In the early days it was legal to leave setlines out overnight. Whoever was at the cottage would put out one line on each side of the boathouse. In the morning there was almost always a fish on each line. The fish would go in the live box for the next time the dinner menu called for them. Suddenly, the lines were found empty day after day. It was a mystery until one night when Karlton happened to wake up and hear a voice say, “There’s the boathouse”. He sat up in bed, couldn’t see anything because of the dark, but could hear activity by the boathouse. He shouted “What are you guys doing down there?” and then heard nothing but the unmistakable, rapid slap, slap, slap of a retreating boat. Inspection in the morning showed they had already taken the fish but cut the lines when threatened. Albert’s handgun was brought to the lake to frighten off the thieves but was never needed. The “slap, slap” never came back and the setlines started working again.
Seems to me that there were always people at the cottage. Ruby, Myron, and Edna lived nearby and spent lots of time there. Carl had the cottage next door. Beda, Margaret, Viola, and John lived in the Chicago area, but often vacationed at the lake. My folks and I got there for brief periods nearly every summer, but those times were golden.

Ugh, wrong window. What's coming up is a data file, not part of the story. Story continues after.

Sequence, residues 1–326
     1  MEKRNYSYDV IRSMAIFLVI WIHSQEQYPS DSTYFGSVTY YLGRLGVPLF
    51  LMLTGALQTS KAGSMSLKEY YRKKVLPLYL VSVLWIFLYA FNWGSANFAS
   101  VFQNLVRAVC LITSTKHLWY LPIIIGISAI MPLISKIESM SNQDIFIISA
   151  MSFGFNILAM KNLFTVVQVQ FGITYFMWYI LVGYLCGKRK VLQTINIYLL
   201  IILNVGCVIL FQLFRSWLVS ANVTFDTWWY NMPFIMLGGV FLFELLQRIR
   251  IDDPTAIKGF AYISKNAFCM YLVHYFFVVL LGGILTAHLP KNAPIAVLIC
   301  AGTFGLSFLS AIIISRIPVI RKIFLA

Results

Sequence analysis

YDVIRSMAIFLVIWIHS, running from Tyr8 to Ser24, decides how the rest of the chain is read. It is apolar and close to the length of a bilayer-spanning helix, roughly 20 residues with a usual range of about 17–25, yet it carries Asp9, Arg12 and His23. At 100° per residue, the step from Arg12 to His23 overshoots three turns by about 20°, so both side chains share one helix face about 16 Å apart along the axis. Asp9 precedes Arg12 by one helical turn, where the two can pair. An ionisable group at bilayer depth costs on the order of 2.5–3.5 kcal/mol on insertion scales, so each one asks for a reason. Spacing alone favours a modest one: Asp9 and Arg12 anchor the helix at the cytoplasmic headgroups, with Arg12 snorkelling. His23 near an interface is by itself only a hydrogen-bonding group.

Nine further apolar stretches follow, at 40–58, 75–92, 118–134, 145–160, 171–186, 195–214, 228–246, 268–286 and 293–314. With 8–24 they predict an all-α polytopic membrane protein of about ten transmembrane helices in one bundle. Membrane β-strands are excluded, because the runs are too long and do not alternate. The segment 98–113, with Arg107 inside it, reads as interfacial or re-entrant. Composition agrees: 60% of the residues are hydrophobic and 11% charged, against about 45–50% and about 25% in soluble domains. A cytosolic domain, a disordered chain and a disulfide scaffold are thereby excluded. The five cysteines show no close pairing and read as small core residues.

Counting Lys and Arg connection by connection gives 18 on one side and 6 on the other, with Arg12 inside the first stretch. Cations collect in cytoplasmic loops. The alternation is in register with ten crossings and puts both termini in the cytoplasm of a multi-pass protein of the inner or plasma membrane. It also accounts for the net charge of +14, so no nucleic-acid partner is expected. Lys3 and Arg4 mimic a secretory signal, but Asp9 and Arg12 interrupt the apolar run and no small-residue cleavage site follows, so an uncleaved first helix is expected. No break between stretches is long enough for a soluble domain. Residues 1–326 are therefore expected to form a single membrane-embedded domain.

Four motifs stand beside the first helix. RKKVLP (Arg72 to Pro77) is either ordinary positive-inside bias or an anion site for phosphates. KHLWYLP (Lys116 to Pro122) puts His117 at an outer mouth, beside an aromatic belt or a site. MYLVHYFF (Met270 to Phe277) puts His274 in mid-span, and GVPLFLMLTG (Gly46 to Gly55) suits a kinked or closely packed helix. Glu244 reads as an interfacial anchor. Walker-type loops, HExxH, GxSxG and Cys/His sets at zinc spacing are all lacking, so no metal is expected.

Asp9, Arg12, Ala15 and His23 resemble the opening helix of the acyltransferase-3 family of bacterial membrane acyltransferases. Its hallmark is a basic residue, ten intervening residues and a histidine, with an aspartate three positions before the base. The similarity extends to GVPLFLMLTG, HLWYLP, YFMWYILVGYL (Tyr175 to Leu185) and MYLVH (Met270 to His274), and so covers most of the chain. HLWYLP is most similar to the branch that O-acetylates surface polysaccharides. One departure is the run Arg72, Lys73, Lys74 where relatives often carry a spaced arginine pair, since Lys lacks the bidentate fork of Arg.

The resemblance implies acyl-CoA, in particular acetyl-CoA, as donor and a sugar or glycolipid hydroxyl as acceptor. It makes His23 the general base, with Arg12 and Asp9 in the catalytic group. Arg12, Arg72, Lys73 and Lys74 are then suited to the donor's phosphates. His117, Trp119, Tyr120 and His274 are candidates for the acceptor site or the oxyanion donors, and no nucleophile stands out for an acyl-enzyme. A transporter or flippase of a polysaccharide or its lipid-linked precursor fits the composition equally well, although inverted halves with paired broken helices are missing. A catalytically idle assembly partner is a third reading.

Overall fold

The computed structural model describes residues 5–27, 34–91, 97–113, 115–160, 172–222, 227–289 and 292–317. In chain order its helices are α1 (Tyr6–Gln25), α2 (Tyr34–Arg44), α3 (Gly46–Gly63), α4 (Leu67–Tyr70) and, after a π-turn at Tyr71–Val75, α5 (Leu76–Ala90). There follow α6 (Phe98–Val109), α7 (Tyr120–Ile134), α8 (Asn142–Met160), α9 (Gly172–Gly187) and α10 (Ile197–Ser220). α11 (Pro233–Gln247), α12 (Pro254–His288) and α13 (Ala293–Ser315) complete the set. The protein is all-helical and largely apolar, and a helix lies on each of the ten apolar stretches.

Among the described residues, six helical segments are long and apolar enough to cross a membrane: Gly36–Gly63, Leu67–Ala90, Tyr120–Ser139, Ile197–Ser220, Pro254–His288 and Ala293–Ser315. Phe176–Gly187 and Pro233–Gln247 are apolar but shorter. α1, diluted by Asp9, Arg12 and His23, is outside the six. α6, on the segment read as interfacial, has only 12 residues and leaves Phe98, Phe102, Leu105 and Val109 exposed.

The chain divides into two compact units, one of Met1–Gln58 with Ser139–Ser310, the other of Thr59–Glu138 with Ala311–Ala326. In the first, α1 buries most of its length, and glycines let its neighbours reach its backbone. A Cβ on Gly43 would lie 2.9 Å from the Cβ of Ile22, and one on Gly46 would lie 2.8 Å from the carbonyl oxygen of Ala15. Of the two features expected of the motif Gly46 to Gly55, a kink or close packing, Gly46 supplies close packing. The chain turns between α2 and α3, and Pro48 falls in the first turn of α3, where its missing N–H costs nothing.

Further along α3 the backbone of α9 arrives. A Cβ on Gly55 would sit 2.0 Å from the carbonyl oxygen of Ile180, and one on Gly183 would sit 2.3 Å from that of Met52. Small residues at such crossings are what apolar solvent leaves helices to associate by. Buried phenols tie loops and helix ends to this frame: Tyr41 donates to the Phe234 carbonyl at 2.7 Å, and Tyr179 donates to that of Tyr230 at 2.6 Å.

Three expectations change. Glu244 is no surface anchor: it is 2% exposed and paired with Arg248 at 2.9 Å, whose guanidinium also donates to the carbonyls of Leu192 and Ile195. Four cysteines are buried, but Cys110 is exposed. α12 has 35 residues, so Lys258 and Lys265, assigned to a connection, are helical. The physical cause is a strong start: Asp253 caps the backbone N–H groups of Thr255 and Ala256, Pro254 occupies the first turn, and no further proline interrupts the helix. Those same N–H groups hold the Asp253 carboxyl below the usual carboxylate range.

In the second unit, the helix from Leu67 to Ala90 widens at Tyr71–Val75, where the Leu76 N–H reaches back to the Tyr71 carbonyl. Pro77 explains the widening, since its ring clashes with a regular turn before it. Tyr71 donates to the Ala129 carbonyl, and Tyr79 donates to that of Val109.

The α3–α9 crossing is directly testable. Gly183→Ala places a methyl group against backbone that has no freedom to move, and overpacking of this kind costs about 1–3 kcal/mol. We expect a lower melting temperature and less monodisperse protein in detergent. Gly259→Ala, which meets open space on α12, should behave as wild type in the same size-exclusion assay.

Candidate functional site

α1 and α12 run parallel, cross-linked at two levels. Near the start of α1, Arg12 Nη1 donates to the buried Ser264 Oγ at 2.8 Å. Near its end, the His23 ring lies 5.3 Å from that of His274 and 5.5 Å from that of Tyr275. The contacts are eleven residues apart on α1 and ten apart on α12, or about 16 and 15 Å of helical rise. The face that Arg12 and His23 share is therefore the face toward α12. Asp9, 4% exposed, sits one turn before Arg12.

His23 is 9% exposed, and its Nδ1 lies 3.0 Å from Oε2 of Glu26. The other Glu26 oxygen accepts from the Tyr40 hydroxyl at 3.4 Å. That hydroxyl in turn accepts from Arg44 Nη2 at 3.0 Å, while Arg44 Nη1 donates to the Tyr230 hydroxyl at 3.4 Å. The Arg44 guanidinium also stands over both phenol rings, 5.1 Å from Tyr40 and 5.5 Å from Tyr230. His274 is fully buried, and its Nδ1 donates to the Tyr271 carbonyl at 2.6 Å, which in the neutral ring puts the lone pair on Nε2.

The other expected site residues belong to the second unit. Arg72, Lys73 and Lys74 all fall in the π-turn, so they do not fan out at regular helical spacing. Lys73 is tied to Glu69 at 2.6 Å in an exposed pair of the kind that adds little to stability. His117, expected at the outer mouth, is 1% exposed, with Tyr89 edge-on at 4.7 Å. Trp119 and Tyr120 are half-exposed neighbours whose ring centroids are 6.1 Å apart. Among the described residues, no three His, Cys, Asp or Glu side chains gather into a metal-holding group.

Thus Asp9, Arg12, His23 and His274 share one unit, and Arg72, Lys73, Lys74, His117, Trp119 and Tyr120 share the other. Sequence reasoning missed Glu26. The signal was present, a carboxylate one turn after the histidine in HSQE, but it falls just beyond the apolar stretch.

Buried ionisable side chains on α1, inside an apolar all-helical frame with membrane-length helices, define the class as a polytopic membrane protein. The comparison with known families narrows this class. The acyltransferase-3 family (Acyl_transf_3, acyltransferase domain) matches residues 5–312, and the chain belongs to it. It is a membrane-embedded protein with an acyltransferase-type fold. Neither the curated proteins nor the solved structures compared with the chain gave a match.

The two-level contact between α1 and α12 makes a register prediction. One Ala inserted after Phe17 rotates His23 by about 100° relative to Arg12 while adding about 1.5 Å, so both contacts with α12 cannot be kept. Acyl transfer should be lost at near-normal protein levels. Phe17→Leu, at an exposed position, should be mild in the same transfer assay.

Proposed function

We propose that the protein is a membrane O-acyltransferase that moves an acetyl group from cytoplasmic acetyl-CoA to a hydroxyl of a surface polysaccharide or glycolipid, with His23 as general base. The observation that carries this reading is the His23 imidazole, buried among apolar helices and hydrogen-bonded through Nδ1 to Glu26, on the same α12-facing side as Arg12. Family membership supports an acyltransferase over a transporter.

On mild days life centered around the huge table on the screened porch. Aunt Rubie, Aunt Marge, and Auntie ‘Ola were always ready for double solitaire or Old Maid or whatever our age at that time allowed. The adults had coffee or drinks and endless conversation. The only break was at meal time when a great upheaval occurred, the table was set, the food was brought out, stragglers were rounded up, and we all ate at the same time. Unusual concept, ‘eh?
Grandma Tillner with a small subset of the gang ~1948
must have been rainy on the screen porch because
everyone was in the 15’ x 15’ room that started it all
Mornings and cooler days the kitchen was the hub. The hissing of the fire in the wood range, the smell of cooking and coffee, the warmth of the fire, all filled the senses with comfort and made life wonderful.
In the late ‘30s (still depression years), lots of people were staying at their cottages and the County Park had tenters galore. Roland remembers counting over 100 tents one time. Harold Ormes had the Red & White Store in Marenisco. He started a lake route and came to each cottage Monday, Wednesday and Friday. He had a panel truck with shelves built on each side and carried milk, butter, eggs, lard, canned goods, etc. You could order meat or whatever you needed on one visit and he would bring it the next time. Some prices from Roland’s memory: lard 7˘/lb, butter 23˘/lb, milk 10˘/qt, bread 10˘/loaf, and Kool-Aid 5˘/envelope. He always had a full truck, but very little produce other than potatoes.